Public officials railed against a potential plan to enact tolls on the city's East River bridges, which would both help distribute costs currently shouldered by bridges in other boroughs and contribute needed funds to the debt-crippled MTA.

Dubbed MoveNY, the plan seeks to raise roughly $1.5 billion for work on roads and improvements to mass transit by charging motorists to cross bridges that are currently free. After many years spent being placed on and subsequently taken off the table, discussions were tenuously resurrected in July by First Deputy Mayor Anthony Shorris, who expressed that the city would be open to any possibility that could potentially relieve a fraction of the MTA's $14 billion debt.

But not everyone is amenable to the plan, which would require drivers to pay $5.54 by E-ZPass or $8 cash to cross the Brooklyn, Manhattan, Williamsburg and Queensboro bridges.

“I cannot think of a better example of actual highway robbery,” Assemblyman David Weprin said at a press conference on Sunday. “It would be a major financial burden on the many small and medium businesses that rely on the free bridges for multiple trips daily."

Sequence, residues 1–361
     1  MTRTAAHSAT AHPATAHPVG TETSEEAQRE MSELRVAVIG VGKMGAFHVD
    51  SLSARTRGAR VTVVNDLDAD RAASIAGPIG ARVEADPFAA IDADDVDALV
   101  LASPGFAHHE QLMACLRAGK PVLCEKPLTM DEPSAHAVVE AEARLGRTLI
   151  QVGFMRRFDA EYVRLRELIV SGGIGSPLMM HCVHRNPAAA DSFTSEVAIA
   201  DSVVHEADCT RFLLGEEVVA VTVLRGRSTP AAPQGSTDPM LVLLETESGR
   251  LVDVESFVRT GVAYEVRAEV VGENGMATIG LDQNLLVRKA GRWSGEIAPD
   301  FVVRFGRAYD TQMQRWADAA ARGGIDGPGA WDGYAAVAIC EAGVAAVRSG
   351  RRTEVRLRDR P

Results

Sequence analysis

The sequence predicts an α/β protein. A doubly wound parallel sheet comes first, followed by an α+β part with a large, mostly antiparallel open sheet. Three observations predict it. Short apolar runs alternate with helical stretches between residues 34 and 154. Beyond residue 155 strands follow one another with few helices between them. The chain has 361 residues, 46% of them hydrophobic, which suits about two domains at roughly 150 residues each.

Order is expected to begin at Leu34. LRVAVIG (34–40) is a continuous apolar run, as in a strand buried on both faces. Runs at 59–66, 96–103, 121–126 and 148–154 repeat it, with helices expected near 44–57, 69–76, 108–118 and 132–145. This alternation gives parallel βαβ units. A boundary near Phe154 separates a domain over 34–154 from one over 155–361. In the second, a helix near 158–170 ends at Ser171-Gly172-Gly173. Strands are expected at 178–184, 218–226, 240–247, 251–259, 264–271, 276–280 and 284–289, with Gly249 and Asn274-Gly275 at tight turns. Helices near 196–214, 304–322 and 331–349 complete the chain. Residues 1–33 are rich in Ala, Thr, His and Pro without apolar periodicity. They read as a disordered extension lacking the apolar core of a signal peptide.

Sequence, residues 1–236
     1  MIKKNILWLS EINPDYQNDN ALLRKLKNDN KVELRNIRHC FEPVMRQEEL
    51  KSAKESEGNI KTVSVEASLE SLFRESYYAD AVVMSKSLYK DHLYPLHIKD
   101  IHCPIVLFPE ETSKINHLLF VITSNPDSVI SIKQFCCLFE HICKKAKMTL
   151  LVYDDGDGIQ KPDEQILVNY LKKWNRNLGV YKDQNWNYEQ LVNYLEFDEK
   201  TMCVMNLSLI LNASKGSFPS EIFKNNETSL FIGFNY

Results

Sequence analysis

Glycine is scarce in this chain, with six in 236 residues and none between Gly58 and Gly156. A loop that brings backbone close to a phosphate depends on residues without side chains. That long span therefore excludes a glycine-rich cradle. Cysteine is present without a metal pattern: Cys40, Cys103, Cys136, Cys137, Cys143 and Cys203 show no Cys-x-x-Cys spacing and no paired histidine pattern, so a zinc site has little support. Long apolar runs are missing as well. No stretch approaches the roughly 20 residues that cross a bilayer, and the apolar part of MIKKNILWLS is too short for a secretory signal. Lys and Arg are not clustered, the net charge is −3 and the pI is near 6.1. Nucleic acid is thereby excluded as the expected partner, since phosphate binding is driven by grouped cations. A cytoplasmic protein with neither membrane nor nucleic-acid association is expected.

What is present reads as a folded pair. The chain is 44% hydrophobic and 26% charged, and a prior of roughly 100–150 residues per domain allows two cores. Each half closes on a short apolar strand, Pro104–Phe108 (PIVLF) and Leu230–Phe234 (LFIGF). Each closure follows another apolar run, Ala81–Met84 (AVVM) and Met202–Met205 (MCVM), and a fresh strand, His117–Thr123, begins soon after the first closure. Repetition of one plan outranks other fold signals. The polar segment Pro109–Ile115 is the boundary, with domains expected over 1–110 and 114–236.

“Nobody drives into Manhattan for the pleasure of it. They drive because they have to," said Senator Tony Avella of Queens. “People in Queens have no mass transit in half the borough....this is nothing but another tax on middle class families and small businesses.”

The press conference was held the same day that tolls to cross the George Washington Bridge rose to $15.

Congestion pricing was originally introduced as a potential balm for the MTA's budget shortfall by Bloomberg, who applauded its effects in reducing pollution in other cities. The plan, though, was found unpalatable by outer borough politicians, and killed by erstwhile Assembly Leader Sheldon Silver in 2008.